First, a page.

3. Bernardo de Gálvez

Virginia Avenue and E Street, NW

This bronze equestrian statue was sculpted by famous Spanish artist Juan de Ávalos. It was later donated to the American people by King Juan Carlos I of Spain in 1976 during his trip to the United States for the American Bicentennial, along with a sister statue, displayed in the Spanish Plaza of New Orleans. Bernardo de Gálvez, a brilliant strategist and astute statesman who bore the reforms of the Enlightenment in mind, served as Governor of Spanish Louisiana from 1777-1785, during which time he captured British colonial territories, among them the strategic stronghold of Pensacola in 1781. Gálvez epitomizes the Spanish contribution to the independence of the U.S. In 2014, he became one of the only eight people in history to be conferred honorary U.S. citizenship for his fearless and tactful military strategy in support of American independence. Along with the Statues of the Liberators, the Bernardo de Gálvez statue is located next to the United States Department of State building.

Another statue of Gálvez, by Spanish sculptor Salvador Amaya, was erected outside of the Embassy of Spain (2375 Pennsylvania Avenue, NW), with the support of Iberdrola, and can be seen on page two, beside Ambassador Cabanas.


4. Admiral David G. Farragut

Farragut Square, K Street between 16th and 17th Streets, NW

The statue of Admiral David Glasgow Farragut (1801-1870) was the first monument erected in Washington to honor a naval war hero, in 1881. Born to a Spanish father from the Balearic island of Menorca who joined the U.S. Revolutionary Navy forces and an American mother, Farragut followed in his father’s footsteps in the U.S. Navy, where he nobly served for over 60 years and became the first full admiral. He is best known for his Civil War successes, including the capture of New Orleans and defeat of Confederate forces at the Battle of Mobile Bay in 1864, where he spoke his best-known words: Damn the torpedoes! Full speed ahead! The 10foot portrait statue is the work of Vinnie Ream Hoxie, the creator of additional statues on display at the U.S. Capitol building, including one of President Abraham Lincoln. It shows Farragut standing on a ship’s deck, his right foot on a capstan, and his telescope ready in his hands. The model and the four mortars were cast from the propellers of the USS Hartford, the ship under his direct command in Mobile. After the Civil War, Admiral Farragut was given the command of a squadron that sailed along the European coasts. In Spain, he was received by Queen Isabel II in Madrid and visited his father’s homeland in Menorca.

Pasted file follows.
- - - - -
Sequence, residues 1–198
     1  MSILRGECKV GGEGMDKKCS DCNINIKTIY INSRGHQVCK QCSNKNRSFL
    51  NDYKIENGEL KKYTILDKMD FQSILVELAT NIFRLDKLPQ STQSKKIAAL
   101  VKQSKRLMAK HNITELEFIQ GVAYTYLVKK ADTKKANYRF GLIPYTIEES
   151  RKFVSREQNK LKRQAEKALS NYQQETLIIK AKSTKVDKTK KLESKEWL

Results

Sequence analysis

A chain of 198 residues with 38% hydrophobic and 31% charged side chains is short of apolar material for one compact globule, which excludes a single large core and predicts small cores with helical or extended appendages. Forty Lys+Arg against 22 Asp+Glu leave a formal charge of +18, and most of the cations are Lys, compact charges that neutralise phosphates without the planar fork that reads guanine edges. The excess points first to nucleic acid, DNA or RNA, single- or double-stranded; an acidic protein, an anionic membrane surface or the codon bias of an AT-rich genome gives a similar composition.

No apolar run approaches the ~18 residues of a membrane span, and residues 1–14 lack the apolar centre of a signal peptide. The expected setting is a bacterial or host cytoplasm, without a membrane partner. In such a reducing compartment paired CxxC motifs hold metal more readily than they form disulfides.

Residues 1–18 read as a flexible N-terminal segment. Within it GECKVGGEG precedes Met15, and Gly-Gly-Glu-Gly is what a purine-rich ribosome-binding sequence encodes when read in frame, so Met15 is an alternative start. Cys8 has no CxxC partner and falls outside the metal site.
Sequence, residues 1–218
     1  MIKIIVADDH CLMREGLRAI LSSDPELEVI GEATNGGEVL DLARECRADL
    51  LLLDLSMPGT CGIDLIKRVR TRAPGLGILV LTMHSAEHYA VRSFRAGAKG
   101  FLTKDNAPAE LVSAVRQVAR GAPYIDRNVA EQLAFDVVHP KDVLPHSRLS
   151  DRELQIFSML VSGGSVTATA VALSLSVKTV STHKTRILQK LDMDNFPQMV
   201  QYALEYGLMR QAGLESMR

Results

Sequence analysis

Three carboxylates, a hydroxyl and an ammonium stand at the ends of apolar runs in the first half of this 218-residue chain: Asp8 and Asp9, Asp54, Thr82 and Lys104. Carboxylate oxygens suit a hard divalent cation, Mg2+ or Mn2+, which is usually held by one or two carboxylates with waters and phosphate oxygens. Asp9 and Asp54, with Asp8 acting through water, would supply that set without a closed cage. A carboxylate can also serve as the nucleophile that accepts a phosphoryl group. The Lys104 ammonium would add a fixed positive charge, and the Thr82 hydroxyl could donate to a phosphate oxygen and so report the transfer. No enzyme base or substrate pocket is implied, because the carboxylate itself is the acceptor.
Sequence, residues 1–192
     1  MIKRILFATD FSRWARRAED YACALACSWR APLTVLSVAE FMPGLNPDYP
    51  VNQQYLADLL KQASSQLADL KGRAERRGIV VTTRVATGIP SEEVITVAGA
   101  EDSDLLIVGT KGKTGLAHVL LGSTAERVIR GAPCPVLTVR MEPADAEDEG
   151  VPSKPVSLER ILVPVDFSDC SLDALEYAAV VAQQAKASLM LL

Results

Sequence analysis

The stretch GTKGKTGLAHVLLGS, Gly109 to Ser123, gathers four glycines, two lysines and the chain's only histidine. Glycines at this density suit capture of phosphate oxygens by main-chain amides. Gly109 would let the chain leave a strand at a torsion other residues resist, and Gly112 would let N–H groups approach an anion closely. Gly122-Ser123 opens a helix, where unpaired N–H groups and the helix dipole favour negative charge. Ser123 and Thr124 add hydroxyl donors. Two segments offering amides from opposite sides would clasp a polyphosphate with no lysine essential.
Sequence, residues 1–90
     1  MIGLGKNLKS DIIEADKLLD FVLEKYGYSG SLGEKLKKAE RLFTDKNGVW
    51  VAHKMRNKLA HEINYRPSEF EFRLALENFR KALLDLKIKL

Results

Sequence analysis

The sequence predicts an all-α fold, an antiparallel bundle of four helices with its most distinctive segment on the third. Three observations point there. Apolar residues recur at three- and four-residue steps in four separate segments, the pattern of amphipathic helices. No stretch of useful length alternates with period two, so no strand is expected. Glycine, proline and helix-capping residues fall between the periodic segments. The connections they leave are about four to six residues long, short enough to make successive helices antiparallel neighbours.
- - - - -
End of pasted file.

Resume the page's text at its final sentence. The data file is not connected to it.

5. Don Quixote

Kennedy Center, F Street, NW

Located at the northeast corner of the John F. Kennedy Center for the Performing Arts, this monument blends bronze and stone in its depiction of legendary Spanish literary figure, Don Quixote de la Mancha, the immortal character created by Miguel de Cervantes. Along with the statue of Bernardo de Gálvez, King Juan Carlos I presented this sculpture, the work of Spanish artist Aurelio Teno, to the U.S. on behalf of Spain for the 1976 American Bicentennial. The figure represents Don Quixote with a steel lance in his hand, riding his horse, Rocinante, and emerging from a boulder. The jagged stone used in the sculpture is from the Spanish city of Pamplona.


II. U.S. Capitol Building

6. The Landing of Columbus

First Street, SE

October 12, 1492: Having just hit land on the Santa María, Christopher Columbus and his crew members stand on a beach in the West Indies. In this neoclassical oil on canvas (12’ x 18’) placed in the Rotunda in 1847, John Vanderlyn illustrates the first landing in America of the Spanish expedition led by Columbus. They arrived at an island known as Guanahani by the natives and named San Salvador by Columbus. The royal banner of Aragón and Castile is being held and raised by Columbus in order to claim the land for his Spanish patrons. Behind Columbus stand other Europeans involved in the Spanish enterprise, including the Spanish captains of the other two flagships, the Niña and the Pinta, Vicente Yáñez Pinzón and Martín Alonso Pinzón. This image also appeared on U.S. postage stamps in 1893 and 1992.